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Money available to bridge ‘disability employment gap’, says minister

Tue, 23 Jun 2015 | By Colin Cottell

A government minister has urged employers to take advantage of government funding to increase the numbers of disabled people in work.

Speaking at an event in London this morning to promote Disability Confident, a campaign to remove barriers to employment for disabled people, minister for disabled people Justin Tomlinson revealed that £3m of last year’s £100m Access to Work budget was unspent. 

Money from the Access to Work budget can be used in a variety of ways, for example to pay for wheelchair ramps or to make other changes in the work environment, or to help with the cost of disabled people getting to work. Tomlinson urged employers to take advantage of “one of the government’s best kept secrets”.

“There is money available,” said Tomlinson, as he reiterated the government’s commitment to getting 1m more disabled people into work, thereby halving the ‘disability employment gap’. This is the gap between the 46% of disabled people who are in employment and the 79% of those without a disability who are in work.  

He said that 238,000 people with disabilities found work last year, but that more needed to be done if the government was to achieve its target. “It’s about busting myths, sharing best practice and signposting you [employers] to available help,” he said.  

Tomlinson spoke of his experiences running a small business. He highlighted the importance of talking to staff about their disability, and explained how by talking to a particular member of staff, he had become aware of the employee’s “low stress threshold”. 

Knowing this had allowed the company to lower this individual’s stress level by ensuring his inbox was empty every night before he went home. “There are so many examples of where small changes can make a real difference,” he said. 

Alice Weightman, founder of Hanson Search and networking site for freelancers The Work Crowd, highlighted the need for employers to confront their fears about disability. Among these was the fear that talking about a person’s health, for example at an interview, could lead to a claim under equality legislation.

And she spoke of the importance of persuading candidates to be open about their disabilities. “How do we engage with candidates to make them confident to talk about any disabilities or mental disabilities that they have? We need to think more creatively, because disability means diversity, which is good for business,” she said.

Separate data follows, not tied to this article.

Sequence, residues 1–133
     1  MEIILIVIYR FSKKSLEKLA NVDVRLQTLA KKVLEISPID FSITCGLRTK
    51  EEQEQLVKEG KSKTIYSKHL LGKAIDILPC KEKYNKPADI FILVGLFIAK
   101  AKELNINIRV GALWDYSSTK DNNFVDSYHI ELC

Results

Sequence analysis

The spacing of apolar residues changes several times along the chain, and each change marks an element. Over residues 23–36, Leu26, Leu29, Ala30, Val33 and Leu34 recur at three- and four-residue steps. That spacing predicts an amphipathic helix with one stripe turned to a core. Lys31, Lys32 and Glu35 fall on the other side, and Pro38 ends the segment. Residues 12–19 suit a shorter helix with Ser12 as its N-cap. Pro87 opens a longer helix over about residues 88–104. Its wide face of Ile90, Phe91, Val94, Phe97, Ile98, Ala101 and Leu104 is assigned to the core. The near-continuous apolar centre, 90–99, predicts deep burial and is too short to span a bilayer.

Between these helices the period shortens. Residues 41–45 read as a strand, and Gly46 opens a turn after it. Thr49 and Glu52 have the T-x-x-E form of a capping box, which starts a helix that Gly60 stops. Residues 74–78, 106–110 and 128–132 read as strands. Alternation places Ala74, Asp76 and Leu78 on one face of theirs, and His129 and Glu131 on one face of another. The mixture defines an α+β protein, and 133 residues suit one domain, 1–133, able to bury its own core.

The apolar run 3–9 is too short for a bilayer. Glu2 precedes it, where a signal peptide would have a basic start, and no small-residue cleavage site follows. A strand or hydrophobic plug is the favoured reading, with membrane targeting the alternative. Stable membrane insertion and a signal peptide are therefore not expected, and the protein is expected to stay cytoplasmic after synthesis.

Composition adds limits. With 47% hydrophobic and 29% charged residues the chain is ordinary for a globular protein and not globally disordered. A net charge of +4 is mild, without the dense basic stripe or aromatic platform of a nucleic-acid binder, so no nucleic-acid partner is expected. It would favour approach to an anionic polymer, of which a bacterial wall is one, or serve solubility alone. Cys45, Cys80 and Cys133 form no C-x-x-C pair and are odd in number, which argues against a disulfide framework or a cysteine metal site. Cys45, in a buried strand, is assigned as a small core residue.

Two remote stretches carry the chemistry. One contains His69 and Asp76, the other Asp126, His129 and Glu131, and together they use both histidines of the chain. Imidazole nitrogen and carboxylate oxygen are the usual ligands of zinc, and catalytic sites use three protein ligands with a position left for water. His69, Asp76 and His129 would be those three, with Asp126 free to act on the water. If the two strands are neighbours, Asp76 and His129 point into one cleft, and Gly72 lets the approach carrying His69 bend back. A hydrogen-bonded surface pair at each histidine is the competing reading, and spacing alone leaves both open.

For help or advice with funding, contact Access to Work or tel: 0345 268 8489. Also, email: advice@adwuk.org or tel: 0844 445 7123

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Unfortunately, Disability Confident isn't actually very disability confident and isn't addressing the issues disabled people find ourselves facing.
When I was being 'outsourced' by my former employer (after a 4 year fight to get rid of me that started when I asked for a minor reasonable adjustment in accordance with DDA, and which saw me sequentially labelled 'lazy', 'incompetent' and finally just 'disabled'), the very experienced recruiter running the process pulled me aside.
'I need you to understand something,' he said, 'that with your level of disability you have precisely no chance of getting a job in the private sector, and next to no chance in the public sector.' Other recruiters I talked to over the next year repeated the same story, of systematic disability discrimination across the entire employment market. Equally I have talked to far too many disabled people with similar experiences to believe my experience in work was anomalous. (The only anomaly is that it was with a multinational who proclaim themselves leaders on workplace equality, and that I didn't just roll over.)
With widespread disability discrimination both in recruitment and within the workplace, Disability Confident clearly needs to be actively challenging these, but unfortunately it settles for the low-hanging fruit of employers who are willing to employ disabled people, but just not very good at it. That may help a few, but at the current rate of change parity in employment rates is 80 years off* and I'm really not prepared to wait that long.
Until it challenges the actual systematic, institutionalised disability discrimination that my career and those of far too many other disabled people run head first into, Disability Confident simply isn't going to make a difference.

*looking at the full stats which show a fall in disability employment of only 20-odd thousand, not the cherry-picked 'found work' figure of 238k.

David Gillon (23/06/2015 17:55:45)

Does Recruiter have any links as to how tap into the grants available?

Ed: We will put a link up on the story later, Adam.

Adam Marchant - Wincott (24/06/2015 08:37:48)